TRANSFER OF POWER by Vince Flynn

There are times when I feel a tad silly reviewing an author I have just discovered, when (seemingly) everyone else in the world is already a diehard fan.

Ah well.

So, yes, just discovered Mitch Rapp, the hero of Vince Flynn’s “Transfer of Power,” and reading it against the backdrop of the Bataclan attacks in Paris was weird. It feels as though not much has changed over the years since the novel was written in 1999.

Muslim terrorism.

Middle Eastern loathing of the west.

It’s dispiriting to think that 16 years after Mr. Flynn wrote this first book in the series, innocent lives are still being taken…

Yes, you’re right.

Back to the book.

An absorbing story, and one in which the tension never lets up for a moment, as a group of highly organised Islamic terrorists take over the White House. It’s a meticulously detailed story, as a small group of highly trained and brave people, aided by some untrained but even braver civilians, try and retake the White House.

To tell you any more would, quite simply, spoil the plot.

The pressure never lets up, right up until the closing moments of the book, making this the ultimate page-turner.

It’s quite a “boy’s book” in a way, with lots of details about weapons and tech-y gadgets, but not off-puttingly so for a female reader.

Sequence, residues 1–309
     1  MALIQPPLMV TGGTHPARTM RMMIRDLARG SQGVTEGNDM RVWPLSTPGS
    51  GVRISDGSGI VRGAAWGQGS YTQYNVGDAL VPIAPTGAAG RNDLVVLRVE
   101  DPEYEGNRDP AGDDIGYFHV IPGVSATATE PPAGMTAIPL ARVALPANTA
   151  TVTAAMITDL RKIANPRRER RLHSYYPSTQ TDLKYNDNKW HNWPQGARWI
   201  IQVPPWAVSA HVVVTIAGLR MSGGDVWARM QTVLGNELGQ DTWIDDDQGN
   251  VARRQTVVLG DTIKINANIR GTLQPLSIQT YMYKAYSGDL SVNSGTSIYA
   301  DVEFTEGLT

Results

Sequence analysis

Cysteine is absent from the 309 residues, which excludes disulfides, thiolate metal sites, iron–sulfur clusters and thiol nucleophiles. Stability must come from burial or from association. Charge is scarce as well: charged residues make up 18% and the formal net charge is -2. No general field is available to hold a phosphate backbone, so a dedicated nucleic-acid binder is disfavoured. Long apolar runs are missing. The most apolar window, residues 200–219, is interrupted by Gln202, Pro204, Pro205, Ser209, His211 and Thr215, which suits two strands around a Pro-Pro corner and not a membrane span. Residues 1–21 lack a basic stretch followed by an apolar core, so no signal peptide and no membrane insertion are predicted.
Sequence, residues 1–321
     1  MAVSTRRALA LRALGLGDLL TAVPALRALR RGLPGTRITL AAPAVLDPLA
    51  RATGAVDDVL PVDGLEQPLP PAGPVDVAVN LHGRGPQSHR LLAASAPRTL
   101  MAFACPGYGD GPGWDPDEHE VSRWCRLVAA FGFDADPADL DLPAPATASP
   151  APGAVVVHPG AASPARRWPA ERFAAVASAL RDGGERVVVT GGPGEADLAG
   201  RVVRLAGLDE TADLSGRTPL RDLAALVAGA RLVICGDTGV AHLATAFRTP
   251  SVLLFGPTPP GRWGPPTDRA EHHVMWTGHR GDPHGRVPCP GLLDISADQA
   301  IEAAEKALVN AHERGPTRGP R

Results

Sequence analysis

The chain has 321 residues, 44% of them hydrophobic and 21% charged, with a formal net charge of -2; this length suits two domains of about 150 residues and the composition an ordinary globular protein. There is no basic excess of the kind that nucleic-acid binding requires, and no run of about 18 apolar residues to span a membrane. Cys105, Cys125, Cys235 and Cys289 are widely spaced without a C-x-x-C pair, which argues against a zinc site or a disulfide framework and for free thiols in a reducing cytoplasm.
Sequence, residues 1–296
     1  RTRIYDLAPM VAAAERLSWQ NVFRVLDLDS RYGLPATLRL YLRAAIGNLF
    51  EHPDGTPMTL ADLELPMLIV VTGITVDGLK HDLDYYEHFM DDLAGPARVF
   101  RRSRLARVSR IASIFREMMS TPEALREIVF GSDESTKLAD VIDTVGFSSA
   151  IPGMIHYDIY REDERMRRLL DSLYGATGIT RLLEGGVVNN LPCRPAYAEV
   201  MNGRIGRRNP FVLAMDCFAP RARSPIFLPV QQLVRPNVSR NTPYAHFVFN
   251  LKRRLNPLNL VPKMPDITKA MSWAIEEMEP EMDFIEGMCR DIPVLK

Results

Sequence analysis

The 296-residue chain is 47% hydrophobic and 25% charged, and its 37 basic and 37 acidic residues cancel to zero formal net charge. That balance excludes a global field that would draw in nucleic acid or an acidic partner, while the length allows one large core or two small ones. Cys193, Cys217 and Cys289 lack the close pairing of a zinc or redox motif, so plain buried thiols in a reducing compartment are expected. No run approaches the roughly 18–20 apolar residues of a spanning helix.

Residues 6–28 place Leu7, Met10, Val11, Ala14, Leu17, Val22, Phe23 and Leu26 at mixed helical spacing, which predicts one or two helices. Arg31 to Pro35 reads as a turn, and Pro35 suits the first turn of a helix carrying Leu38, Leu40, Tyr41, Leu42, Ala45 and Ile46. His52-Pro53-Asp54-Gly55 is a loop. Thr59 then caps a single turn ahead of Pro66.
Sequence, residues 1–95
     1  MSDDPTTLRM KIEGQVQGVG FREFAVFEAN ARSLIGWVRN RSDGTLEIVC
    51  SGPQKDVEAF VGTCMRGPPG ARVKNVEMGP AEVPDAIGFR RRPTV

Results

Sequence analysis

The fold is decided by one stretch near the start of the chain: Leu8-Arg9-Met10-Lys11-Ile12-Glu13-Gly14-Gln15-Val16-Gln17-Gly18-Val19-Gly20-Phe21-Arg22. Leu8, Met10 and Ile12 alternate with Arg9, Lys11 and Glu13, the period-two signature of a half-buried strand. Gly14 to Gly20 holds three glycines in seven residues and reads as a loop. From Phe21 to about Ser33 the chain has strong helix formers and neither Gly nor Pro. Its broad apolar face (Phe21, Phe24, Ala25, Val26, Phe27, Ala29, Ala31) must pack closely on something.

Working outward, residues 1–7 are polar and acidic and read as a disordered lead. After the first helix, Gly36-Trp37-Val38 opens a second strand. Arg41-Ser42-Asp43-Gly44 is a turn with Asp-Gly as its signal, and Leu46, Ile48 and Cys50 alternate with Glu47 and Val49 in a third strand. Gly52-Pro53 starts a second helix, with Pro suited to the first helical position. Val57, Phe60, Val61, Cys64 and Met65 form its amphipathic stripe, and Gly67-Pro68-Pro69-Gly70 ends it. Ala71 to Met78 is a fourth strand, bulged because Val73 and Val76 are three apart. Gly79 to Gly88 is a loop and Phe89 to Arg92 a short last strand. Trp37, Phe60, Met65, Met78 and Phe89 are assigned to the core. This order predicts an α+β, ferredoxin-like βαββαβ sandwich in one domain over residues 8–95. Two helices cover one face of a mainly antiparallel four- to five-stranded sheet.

The clash of cultures at the heart of the drama is tense, setting as it does skilled counter-terrorism experts against politicians, whose priorities are very different.

The politicians keep their eyes firmly fixed on the political after-effect of any decisions, weighing their future image, and then trying to gauge what will be the fallout of their actions.

Men like Mitch Rapp simply want to do their job.

Save lives, take down the terrorists.

Mitch Rapp already has a reputation as a maverick, chafing at rules and regulations, and his irritation at political expediency and  chain of command is at the heart of this story.

A great read.

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